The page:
Over on the NRO website, they have a new article breaking down the current state of the battleground States.
MINNESOTA: POLLS & SCHEDULES [Scott W. Johnson 10/19 11:10 AM]
In 2000, Minnesota was a powder blue state - Gore edged Bush in Minnesota by only 60,000 votes out of 2,450,000 cast, 47.9 to 45.5 percent. Ralph Nader essentially carried the balance; Minnesota was one of Ralph Nader's strongest states. Nader is on the ballot in Minnesota again this year.
Gary Gregg, NRO's official electoral-college dean, has tentatively moved Minnesota into Kerry's column and accordingly designated Minnesota a powder blue state. Gregg's designation appears reasonable; Kerry holds a 5-point lead in the last poll conducted by the Minneapolis Star Tribune, although Rasmussen has the race tied in the most recent public poll of Minnesota voters. We think that Minnesota remains a battleground state.
Today's Minneapolis Star Tribune reports that John Edwards will be stumping this afternoon in traditional Democratic-Farmer-Labor Party territory in Hibbing, Minnesota, best-known as Bob Dylan's hometown. On Thursday Kerry himself will tout a "Fresh Start For America" while addressing a rally in the parking area adjacent to the Metrodome in downtown Minneapolis. Reading the tea leaves, the Kerry campaign must lack confidence that Minnesota is poised to break its way on November 2.
What about the Bush campaign? It has scheduled President Bush to appear in Republican stronghold of Rochester tomorrow. The Bush campaign rightly senses that Minnesota presents a prime opportunity to turn a blue state red.
Let's face it, even though Nader is on the ballot in Minnesota, I seriously doubt that he will have the impact on the election like he did in 200, when he received roughly 8% of the vote in this state.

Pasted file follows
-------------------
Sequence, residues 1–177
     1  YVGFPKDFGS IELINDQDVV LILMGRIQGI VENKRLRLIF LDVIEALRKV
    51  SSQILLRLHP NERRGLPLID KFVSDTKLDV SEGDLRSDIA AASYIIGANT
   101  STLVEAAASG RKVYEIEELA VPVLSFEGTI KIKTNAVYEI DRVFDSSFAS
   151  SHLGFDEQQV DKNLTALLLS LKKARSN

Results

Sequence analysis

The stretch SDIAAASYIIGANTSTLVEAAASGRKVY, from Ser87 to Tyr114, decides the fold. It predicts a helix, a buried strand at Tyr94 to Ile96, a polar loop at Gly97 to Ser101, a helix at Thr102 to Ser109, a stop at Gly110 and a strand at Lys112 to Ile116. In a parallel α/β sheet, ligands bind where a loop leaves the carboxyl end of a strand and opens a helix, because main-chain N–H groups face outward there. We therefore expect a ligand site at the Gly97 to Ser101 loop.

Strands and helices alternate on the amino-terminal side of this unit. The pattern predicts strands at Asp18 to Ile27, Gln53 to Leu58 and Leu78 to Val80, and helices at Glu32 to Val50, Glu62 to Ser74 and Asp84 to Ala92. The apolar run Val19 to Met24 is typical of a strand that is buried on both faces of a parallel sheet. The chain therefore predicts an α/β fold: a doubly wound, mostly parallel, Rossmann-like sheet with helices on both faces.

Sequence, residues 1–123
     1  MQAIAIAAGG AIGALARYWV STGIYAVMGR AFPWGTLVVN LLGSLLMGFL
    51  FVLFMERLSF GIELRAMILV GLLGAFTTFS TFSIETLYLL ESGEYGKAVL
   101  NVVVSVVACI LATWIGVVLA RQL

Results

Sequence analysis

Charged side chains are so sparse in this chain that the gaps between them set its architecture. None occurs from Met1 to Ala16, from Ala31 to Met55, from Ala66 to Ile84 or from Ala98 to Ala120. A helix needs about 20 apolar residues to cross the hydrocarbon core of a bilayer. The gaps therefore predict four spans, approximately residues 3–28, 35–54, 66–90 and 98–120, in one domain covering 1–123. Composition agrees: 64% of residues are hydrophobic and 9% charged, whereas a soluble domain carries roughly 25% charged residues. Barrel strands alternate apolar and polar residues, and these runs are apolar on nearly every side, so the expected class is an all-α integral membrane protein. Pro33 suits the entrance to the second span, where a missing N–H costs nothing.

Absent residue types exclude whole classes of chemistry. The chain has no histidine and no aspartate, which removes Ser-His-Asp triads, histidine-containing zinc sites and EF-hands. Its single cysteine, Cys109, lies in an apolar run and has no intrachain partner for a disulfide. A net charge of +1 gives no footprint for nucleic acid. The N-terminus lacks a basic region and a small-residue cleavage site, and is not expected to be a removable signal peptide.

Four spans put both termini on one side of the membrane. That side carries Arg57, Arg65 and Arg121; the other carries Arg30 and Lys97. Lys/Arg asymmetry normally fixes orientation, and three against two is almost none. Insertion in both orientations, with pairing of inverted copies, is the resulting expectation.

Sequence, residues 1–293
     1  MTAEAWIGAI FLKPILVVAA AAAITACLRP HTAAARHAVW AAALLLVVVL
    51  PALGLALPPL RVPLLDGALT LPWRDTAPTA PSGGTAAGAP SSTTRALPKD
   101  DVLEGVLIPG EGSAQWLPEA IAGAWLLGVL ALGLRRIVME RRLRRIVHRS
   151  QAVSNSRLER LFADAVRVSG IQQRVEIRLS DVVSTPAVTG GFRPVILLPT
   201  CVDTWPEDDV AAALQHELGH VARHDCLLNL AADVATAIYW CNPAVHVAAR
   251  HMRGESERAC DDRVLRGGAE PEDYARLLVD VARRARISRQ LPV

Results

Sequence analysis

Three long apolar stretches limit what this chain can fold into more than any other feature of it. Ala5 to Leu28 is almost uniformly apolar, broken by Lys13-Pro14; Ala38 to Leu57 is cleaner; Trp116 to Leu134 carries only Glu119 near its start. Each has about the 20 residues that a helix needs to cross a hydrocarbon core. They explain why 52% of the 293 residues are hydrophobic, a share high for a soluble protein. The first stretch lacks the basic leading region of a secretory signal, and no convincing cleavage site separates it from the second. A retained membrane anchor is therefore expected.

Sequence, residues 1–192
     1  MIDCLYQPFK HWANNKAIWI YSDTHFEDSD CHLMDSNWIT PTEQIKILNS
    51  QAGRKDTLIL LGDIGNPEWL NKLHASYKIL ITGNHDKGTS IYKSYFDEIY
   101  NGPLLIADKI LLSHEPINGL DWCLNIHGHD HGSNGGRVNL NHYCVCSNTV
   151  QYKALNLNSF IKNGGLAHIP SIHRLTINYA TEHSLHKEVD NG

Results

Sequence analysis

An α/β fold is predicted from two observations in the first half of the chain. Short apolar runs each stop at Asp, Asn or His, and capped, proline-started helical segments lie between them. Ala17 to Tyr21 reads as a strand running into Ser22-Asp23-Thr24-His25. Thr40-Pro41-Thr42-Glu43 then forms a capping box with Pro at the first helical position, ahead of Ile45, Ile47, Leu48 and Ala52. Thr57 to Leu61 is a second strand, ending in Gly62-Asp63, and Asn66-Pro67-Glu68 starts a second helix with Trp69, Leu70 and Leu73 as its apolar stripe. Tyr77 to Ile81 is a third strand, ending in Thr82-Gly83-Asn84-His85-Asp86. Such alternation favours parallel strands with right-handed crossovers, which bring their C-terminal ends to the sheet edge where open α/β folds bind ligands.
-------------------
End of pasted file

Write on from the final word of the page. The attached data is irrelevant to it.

On the upside, Minnesota has become somewhat more Republican since 2000, and I believe there are a lot of DFLers who are fed up with the unreasonable hatred displayed against Bush and Republicans in general.
I don't think that this unmitigated hatred of Bush is an election year phenomenon, at least not for the rabidly liberal types in the state (and I know a few people who qualify as rabid), and I am expecting there will be a backlash against the DFL again in 2004, just as there was in 2002 when they lost so many elections, especially for the state wide offices.
Based on my own experiences recently in the state, I believe there is a strong possibility that Minnesota will go for Bush. It may be tight race, however, it is highly probable that Bush will carry Minnesota. Some of the observations I have made recently:
- Vehicles displaying Bush bumper stickers are running about 3 to 1 compared to vehicles displaying Kerry bumper stickers
- When wearing my Bush '04 cap, I frequently encounter people who say they support Bush. This is especially true of the college set.
- Houses with Bush signs versus Kerry signs are running about even in the state.
- Many Bush supporters are not openly so, as there is a great deal of hostility directed at us.
The first item, concerning vehicles with bumper stickers, is a growing trend in the state. Bear in mind that I drive roughly 100 miles every day to commute to work, most of it on the highway, in the Metro area. I also don't survey vehicles in my immediate neighborhood, or where I work, as that would skew the results, and take away a sense of randomness in the survey.
Another point on bumper sticker survey is that many Bush supporters are displaying "Support Our Troops" stickers on their vehicles instead of a "Bush/Cheney" sticker. These vehicles are also not factored into the survey, as not all such drivers may be Bush supporters.
I believe that the rabidness of the anti-Bush segment of the DFL in this state is going to do more to help Bush, and do far more long term damage to the Democratic party as whole than these nutcases realize, as they turn this once fine political party into the party of hate.
Bush will carry Minnesota, and the country.